Support » Everything else WordPress » WordPress 4.7.3 password encryption ?

  • Resolved boblebad



    I’m sure it must be here somewhere, but i couldn’t find it via search.

    What’s the encryption that’s used on the passwords of the users ?

    I can see it’s not just a simple MD5, it’s more than that.

    I need to copy users from Oxwall’s database to WordPress’ database. They need to be logged in in WordPress when they login in Oxwall. I need it for my support part which i use WordPress for.

    So i need to know how to recrypt the passwords from Oxwall to fit the WordPress model be course they are not the same.

    All the best

Viewing 7 replies - 1 through 7 (of 7 total)
  • Moderator Otto

    (@otto42) Admin

    WordPress uses the phpass library for passhword hashing. They’re not “encrypted”, as such, because of course they cannot be decrypted. The hashing is one-way.

    You can find more info about the phpass library here:

    Moderator Steven Stern (sterndata)


    Support Team Volunteer

    Use the function wp_hash_password to encrypt plaintext passwords:

    Thank you for your answers ๐Ÿ™‚

    In between i found out how Oxwall does the encryption. It’s a salt and sha256. So that’s a bit of a problem.

    The only really solution is to upgrade/change the encryption on both systems to match each other. In regards to that, the only i see at the moment is bcrypt.

    Which salt in the wp-config is used for the login password, there’s four of them ?

    And how is the salt added ?

    I tried adding it both in front and after my password, when generating the code. But the result is not the same.

    And last, where can i find an encrypter that can do the WordPress thing ?

    As i understand it, it takes the password, adds salt and runs it 8 times through the encrypter, but those i have found doesn’t give the same result as in my database.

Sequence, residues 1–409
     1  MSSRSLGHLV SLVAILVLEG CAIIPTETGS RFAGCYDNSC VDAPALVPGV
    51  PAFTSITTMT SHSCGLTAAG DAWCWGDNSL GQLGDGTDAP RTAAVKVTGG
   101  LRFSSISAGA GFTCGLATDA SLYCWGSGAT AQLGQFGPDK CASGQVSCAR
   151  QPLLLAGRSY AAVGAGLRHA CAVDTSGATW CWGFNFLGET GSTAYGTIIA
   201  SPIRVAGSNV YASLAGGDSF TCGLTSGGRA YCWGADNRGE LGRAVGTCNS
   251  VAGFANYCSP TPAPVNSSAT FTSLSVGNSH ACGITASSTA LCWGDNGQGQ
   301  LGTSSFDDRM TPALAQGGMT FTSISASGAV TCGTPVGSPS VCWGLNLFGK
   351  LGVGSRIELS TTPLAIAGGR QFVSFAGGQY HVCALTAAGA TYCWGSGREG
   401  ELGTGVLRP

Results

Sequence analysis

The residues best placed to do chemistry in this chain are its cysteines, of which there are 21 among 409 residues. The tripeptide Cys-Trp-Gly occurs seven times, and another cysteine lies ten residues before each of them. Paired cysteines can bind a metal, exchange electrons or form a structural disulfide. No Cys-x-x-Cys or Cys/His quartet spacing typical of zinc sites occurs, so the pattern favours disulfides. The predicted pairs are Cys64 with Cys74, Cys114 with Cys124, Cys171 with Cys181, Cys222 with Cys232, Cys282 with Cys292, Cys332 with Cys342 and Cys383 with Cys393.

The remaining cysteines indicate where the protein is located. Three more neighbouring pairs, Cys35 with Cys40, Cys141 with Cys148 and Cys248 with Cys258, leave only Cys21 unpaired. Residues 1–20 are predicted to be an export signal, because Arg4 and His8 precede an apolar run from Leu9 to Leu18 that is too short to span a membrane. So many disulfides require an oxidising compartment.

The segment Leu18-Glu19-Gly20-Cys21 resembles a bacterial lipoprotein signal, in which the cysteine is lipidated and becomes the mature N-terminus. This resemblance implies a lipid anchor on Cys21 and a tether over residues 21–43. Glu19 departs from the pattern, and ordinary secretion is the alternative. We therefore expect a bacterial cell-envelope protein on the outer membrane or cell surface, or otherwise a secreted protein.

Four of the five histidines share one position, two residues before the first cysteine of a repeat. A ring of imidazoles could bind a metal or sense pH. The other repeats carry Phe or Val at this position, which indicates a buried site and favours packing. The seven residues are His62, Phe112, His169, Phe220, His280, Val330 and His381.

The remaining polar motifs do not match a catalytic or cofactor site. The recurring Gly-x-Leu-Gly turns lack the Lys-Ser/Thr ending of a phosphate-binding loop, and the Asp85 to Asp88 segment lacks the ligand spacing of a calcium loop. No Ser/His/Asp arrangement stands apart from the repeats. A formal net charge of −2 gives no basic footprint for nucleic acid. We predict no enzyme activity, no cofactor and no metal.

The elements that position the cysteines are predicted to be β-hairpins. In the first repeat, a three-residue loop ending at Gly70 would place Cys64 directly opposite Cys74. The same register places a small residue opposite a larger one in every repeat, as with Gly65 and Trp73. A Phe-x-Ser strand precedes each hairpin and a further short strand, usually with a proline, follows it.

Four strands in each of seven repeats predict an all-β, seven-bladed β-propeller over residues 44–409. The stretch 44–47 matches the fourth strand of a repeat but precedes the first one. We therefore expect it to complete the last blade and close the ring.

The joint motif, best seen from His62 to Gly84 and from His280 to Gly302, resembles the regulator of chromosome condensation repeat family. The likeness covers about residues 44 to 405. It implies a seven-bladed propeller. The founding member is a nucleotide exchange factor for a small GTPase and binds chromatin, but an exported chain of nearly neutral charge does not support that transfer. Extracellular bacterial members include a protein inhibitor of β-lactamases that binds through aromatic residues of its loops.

[Moderator note: Please, no bumping.]

    Moderator Sergey Biryukov


    WordPress Dev

    I need to copy users from Oxwallโ€™s database to WordPressโ€™ database. They need to be logged in in WordPress when they login in Oxwall.

    I’d suggest looking into wp_set_auth_cookie() to set the authentication cookies for a WordPress user when they log in to Oxwall, without requiring a separate password. Would that work for you?

    Moderator Otto

    (@otto42) Admin

    None of the salts in wp-config are used for the passwords. The phpass library generates its own salt for each password. The salt is part of the password hash.

    The only way to do this is to use the library directly, really. It’s a complex thing.

    Moderator Otto

    (@otto42) Admin

    Alternatively, the WordPress login system is pluggable. If you can write code to recognize the existing cookies from your other system, then you can login users without caring about their password. That’s probably the best way.

    Thank you for your answers Sergey and Samuel ๐Ÿ™‚

    I would say that the easiest way(if it’s safe and good) works for me ๐Ÿ™‚

    And if i can do it with a cookie, then it’s easier. Though the user would then need to create a login or i would.

    Hmm, and it’s probably easier at the moment than changing to bcrypt. It’s easy to do the switch here with WordPress, be course there’s a plugin for it. The problem is Oxwall. It seams that there’s something, but not sure for now whether it works or not.

    What would be the ideal way, was when a user created a profile in Oxwall, simultaneously a user would be created in WordPress by copying the data from one table to another in the database, then it would be a more whole experience for the users and also they wouldn’t need to create two logins.

    But i’ll go have a look at the cookie-way and set that up for now ๐Ÿ™‚

    And thank you for clearing up how the salt’s are used ๐Ÿ™‚

Viewing 7 replies - 1 through 7 (of 7 total)
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